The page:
An interesting article on Plantar fasciitis (thanks to Kathy Turk for the link)
The Skeletal Biology Lab at Harvard
Barefoot Ken Bob’s website (note his free running clinics in Southern California–I went to one and it was great).

Plantar Fasciitis Update

my feet

First, dear readers, many thanks for all of your suggestions. But my fencing induced case of Plantar fasciitis just won’t go away. I diligently stretched, tried alternative notions, got a cortisone shot and slept every night in night splints. My case was so intractable that I ended up in the hands of a sports doctor who has slapped me into a boot and crutches: one month for one foot and another month for the other in an attempt to avoid surgery. So far it seems to be working.

The downside of this is no building projects or gardening. The upside will be lots of blogging.

Overall I think I’m healthier for having lived an active life. Fencing has occasionally gifted me with a bruised rib, sore knees, and pulled muscles. But each injury is a lesson and, overall, I think I’ve come out stronger.

062 Plantar fasciitis, Vegetable Gardening Disasters and Rain


On the podcast this week Kelly and I discuss my plantar fasciitis situation, our vegetable gardening disasters and what happens when it rains in Southern California.

If you want to leave a question for the Root Simple Podcast please call (213) 537-2591 or send an email to [email protected]. You can subscribe to our podcast in the iTunes store and on Stitcher. The theme music is by Dr. Frankenstein. A downloadable version of this podcast is here.

Minimalist Shoes, 1915

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In light of Erik’s continuing struggle with plantar fasciitis, and my own neverending search for shoes which fit my monkey feet, we found this 1915 handbook on military footwear, The Soldier’s Foot and the Military Shoe, by Edward Lyman Munson, a fascinating read.

Seems that way back in 1915 we knew that arch support created weak arches, and that thick soles impaired foot dynamics.

The principle message of this book is that if you want your soldiers to able to march long distances, and arrive at their destination in any shape to fight, you have to give them flexible boots which do not squash the toes or impede the natural movement of the foot. Simple as that.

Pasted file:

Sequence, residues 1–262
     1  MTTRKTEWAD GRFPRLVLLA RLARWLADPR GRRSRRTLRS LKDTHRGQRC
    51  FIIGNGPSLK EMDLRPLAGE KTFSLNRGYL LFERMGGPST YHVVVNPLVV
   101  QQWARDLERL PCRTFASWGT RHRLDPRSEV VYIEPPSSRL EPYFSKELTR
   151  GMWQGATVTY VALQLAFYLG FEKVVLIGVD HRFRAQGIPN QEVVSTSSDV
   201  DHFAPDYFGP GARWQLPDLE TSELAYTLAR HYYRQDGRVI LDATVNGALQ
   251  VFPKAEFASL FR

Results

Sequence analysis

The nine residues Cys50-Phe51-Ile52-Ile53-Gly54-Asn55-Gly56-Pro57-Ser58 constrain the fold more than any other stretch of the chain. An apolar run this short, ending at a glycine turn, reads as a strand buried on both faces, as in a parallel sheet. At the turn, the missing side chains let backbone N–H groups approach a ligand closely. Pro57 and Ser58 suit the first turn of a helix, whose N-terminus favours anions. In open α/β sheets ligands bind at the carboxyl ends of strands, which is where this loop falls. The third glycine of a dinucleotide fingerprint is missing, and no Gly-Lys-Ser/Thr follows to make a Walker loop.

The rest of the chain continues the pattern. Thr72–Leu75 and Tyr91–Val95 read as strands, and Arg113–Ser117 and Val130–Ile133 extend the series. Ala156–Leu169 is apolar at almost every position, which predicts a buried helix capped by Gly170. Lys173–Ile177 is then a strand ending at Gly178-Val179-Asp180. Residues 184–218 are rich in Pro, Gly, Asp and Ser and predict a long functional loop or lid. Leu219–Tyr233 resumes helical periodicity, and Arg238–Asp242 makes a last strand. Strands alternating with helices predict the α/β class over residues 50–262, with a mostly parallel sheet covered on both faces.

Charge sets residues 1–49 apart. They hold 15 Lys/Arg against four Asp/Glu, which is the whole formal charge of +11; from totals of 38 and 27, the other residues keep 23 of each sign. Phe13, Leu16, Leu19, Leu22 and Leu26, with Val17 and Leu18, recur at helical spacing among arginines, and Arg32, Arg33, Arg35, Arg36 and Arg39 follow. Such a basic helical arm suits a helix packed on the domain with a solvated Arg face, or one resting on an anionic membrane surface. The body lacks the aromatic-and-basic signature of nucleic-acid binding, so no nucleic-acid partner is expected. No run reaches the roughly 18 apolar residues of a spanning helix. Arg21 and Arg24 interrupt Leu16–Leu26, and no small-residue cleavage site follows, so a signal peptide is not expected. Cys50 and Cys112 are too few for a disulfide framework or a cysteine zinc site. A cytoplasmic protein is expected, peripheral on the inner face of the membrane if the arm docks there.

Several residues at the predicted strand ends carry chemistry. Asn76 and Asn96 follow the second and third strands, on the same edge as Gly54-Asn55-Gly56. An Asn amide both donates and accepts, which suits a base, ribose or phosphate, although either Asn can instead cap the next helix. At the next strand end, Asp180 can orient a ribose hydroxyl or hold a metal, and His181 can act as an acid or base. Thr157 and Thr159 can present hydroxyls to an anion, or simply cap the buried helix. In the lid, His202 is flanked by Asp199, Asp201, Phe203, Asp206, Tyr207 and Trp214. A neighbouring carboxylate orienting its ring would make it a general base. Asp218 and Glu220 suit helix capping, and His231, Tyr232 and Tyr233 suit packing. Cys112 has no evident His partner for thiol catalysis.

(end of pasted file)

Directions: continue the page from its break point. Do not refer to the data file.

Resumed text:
So why, exactly 100 years later, are we still debating whether the foot needs lots of external support and cushioning? Why are overbuilt athletic shoes and supportive inserts still favored by mainstream opinion?

Minimal footwear enthusiasts may find the language below eerily familiar.

You can read the whole book at the invaluable

(o) The shoe should not support the arch of the foot in the sense of lifting it up or buttressing it from below. This fact is opposed to common belief, but the latter is based on lack of knowledge of the anatomy of the foot and misconception as to its function. Rigid support of this region weakens its intrinsic muscles by favoring their non-use, and thus tends to directly cause the condition of flat-footedness which it is attempted to avoid. Barefoot peoples have no such arch support and flat feet are practically unknown among them. . . . In the new shoe, the purpose is to have the leather accurately follow the outlines of the average soldier’s foot arch, but without compressing the sole muscles to such an extent that their function will be interfered with and their development and strengthening be impaired. Every structure of the foot concerned in marching should be left free to function to the best anatomical and mechanical advantage. For this reason, the new shoe has no metal shank as stiffening under the foot arch.

(p) The sole should be sufficiently thick to prevent injury by inequality in the ground. But if too thick, planter flexion of the foot is lost and dorsi flexion much reduced. The foot is thus reduced to the condition of a solid block, hinging at the ankle and simply furnishing a solid support for the leg. Moreover, with thick soles, the leveraging function of the great toe is interfered with…

(p. 51, The Soldier’s Foot)